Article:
Something that I’ve noticed is that Christians really like rules.
Like, really like rules. We like to have our lives well-planned out–kind of like at a telemarketer’s office, with that giant binder with a response to anything the client might say.
See, rules are safe. They’ve got your back. If we know what we do or don’t do, we can just live by those rules and be the best Christian we can be. We’ll be holy, righteous, and on our safe little pedestal above everyone else. And we’re not looking down on them–by no means! Now we can help them also come up to our standard, and give them our sets of rules so that they too may be holy and blameless in the eyes of God.
But we’ve missed the point. See, that’s exactly what the Pharisees did. They were holy and righteous by the law, and their job was to help others become as perfect as they were. They spent hours upon hours teaching from the Scriptures, and I am sure that many of them were just trying to do the right thing. But when Jesus looked at them all he saw was a black heart, full of malice and pride and completely off track with what God wanted for his people. They had missed the reason behind the rules. They were exhausting themselves over petty rituals over and over again just to make sure they stayed as perfect as they could before the eyes of God–but God doesn’t look at outward appearances. He looks at the heart.
Rules aren’t even the same among Christians. Like, it would make sense if everyone believed the same things were right or wrong, but even within cultures it’s completely different. In Kenya, you’re not allowed to show your shoulders at all for modesty’s sake, but some of the dances they do would be completely inappropriate in Canada.
In Canada and the US, Christians don’t smoke. Ever. It’s seen as wrong because our bodies are temples of the Holy Spirit. But in Europe, everyone smokes, but the Christian women do not wear makeup. Are either of them right, or wrong? Are their rules bringing them closer to Christ than Christians from other cultures? I’d say they aren’t.
See, we’re not called to be Christians–we’re called to love Christ. We’re not called to make rules, to say these super long lists of what we do and do not do. We’re simply called to live to please Christ. Now, if we live to please him, these things will follow. Don’t get me wrong. But that is NOT our goal, that is not our mission, and we miss out on so much if we limit our God to a God of rules and regulations.
And you know what the scary thing is? We’re not the only one missing out.
The people in this world are counting on us to show them God. We, as Christians, are here on earth for a reason. It’s not like as soon as you accept God you’re swept away into heaven for ever and ever in perfect bliss and happiness with Him. We are still here, and we’re here to help others see a little bit of what living with God is like.
But we can’t do that if we distance ourselves from everyone else. If we’re living based on rules, we separate ourselves from the rest of the world, since we just stop being relevant. I sometimes think that we use these rules as a cover-up for anything else, or as a safe barrier between us and everyone else. So we never have to be vulnerable, or ever get hurt. If we live according to standards and commandments, then nothing we do is our fault anymore, and if we don’t talk to people it’s because it would have made us violate one of our rules. We don’t want to face the reality of what it means to give everything to God, and so instead we make this intricate religion for ourselves.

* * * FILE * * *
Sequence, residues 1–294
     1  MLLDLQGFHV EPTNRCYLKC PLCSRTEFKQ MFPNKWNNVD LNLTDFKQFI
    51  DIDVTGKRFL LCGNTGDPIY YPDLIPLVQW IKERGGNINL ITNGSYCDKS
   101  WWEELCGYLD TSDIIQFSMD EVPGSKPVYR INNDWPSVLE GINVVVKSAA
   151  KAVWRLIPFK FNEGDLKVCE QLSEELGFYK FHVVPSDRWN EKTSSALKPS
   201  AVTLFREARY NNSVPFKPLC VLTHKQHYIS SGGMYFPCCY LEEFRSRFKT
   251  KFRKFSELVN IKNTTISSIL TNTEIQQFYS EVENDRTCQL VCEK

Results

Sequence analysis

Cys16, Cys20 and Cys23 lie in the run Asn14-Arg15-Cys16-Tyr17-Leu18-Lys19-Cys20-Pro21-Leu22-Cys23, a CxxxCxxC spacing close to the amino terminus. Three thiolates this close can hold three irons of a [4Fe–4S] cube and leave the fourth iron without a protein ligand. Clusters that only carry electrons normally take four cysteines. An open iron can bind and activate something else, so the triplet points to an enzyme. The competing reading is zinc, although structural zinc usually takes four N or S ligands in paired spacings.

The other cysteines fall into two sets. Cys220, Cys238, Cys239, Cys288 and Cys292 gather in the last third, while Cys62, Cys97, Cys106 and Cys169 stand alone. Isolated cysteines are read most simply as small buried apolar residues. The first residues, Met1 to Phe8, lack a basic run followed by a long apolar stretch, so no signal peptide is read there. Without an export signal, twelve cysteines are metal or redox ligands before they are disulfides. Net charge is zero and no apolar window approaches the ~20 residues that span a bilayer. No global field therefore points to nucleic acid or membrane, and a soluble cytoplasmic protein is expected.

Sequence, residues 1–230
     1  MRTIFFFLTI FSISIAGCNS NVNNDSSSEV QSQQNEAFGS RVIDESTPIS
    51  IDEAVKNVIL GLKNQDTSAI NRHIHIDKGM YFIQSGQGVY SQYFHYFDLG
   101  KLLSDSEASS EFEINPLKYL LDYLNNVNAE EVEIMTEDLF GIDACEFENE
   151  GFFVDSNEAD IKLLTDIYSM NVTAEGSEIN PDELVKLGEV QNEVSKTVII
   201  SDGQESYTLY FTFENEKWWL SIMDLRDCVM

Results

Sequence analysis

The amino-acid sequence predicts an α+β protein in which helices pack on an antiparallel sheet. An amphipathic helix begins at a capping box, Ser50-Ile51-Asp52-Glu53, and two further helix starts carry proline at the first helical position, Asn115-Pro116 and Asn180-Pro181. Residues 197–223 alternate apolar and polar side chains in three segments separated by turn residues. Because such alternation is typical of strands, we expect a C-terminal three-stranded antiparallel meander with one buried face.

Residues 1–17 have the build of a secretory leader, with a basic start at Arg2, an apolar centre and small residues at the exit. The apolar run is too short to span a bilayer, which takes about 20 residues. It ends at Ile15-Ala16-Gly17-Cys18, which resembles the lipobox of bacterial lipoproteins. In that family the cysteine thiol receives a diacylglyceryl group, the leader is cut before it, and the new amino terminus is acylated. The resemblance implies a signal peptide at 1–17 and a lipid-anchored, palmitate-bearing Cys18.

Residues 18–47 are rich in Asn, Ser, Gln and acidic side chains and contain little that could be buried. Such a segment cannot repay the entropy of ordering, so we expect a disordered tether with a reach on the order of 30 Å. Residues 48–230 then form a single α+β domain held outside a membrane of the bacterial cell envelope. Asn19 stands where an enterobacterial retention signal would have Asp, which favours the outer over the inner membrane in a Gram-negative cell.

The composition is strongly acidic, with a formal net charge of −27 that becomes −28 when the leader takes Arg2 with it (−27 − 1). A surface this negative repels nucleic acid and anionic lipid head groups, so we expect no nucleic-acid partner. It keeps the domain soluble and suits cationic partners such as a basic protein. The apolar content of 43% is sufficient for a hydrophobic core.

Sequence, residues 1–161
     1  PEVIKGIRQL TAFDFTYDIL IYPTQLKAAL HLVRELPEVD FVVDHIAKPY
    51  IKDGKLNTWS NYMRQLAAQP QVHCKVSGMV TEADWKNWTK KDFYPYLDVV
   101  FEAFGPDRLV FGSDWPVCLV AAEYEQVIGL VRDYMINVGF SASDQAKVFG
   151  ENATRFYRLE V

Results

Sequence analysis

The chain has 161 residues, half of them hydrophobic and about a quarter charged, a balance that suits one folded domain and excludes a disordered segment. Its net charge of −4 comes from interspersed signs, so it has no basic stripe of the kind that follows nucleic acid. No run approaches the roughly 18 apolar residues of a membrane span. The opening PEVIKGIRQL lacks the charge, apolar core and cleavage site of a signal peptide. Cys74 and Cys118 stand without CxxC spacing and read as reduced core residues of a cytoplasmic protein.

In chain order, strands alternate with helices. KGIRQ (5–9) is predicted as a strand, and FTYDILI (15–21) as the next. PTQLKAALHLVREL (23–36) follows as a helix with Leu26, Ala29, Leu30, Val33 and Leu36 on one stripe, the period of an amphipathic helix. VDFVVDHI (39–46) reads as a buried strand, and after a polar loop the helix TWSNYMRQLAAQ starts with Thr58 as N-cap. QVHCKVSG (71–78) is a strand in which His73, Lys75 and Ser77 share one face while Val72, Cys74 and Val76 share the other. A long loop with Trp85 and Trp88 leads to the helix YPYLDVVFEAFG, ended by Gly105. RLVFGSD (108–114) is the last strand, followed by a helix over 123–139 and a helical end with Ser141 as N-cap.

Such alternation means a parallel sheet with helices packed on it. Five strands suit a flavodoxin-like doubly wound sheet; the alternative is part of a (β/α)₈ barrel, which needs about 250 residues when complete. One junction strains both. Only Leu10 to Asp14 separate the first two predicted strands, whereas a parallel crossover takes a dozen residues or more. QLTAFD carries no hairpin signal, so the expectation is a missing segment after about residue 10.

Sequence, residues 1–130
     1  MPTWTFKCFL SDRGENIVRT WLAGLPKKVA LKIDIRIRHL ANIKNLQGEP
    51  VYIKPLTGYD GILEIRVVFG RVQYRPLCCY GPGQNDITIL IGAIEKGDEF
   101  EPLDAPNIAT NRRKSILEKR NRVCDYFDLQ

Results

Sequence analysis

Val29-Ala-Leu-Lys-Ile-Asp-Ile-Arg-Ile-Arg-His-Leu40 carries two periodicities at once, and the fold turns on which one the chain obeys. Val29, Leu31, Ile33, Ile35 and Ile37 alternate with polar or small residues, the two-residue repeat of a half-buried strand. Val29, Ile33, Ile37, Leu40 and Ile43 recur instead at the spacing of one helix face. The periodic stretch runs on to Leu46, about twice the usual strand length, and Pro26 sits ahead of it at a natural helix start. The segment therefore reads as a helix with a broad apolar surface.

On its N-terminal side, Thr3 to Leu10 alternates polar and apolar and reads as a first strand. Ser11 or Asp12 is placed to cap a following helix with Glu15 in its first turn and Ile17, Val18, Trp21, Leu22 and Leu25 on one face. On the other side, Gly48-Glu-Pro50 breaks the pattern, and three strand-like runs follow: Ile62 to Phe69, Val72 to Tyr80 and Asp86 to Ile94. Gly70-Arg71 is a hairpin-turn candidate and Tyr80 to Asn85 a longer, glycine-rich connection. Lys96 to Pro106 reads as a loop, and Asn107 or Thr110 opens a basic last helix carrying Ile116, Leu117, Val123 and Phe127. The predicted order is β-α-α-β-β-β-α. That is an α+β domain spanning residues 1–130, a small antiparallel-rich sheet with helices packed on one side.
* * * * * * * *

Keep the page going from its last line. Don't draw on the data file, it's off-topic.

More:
But that’s not God’s plan for us–he doesn’t want robots. He wants people, because people are able to love and relate to those who don’t know him yet.
We’re called to be IN the world, but not of it. Sometimes we focus so much on the “but not of it” that we miss the part that says we’re supposed to still be in it! How are you supposed to ever effectively minister if you can’t even carry on a conversation with the kid next to you in class about their interests and their life? How are you supposed to ever show God’s love if you’re so caught up with doing everything right you forget to do the one thing we’re called to do–love each other despite our differences and despite our sins?
See, when we live according to rules something happens: we start to see each other based on actions rather than as people. We look at the people around us and see that kid who parties every weekend, that girl who’s an awful gossip, that guy who’s gay, and we don’t see John, Mackenzie and Alex. We see the sin, not the person. And I’ll bet you Jesus never saw Mary Magdalene as “that prostitute.”
I think that sometimes we focus so much on being Christian that we forget to show Christ.
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God doesn’t call us to be rule-keepers. He calls us to be holy and perfect through our love and devotion to Him.
And that can be scary. Rules are a security blanket–they help us stay away from anything that might taint our perfect life, and they make it look like we have it all together. But when we live for Christ instead of our own idea of what a Christian should be, we start to see amazing things happen, in our own lives as well as in those around us. God is asking us to give him free reign over our lives, and if we are hanging on to our religion so tightly that we have become irrelevant in our own culture we stop letting him use us.
So let’s stop just being Christians, and start actually following Christ.
Rebecca Danielle Gregoire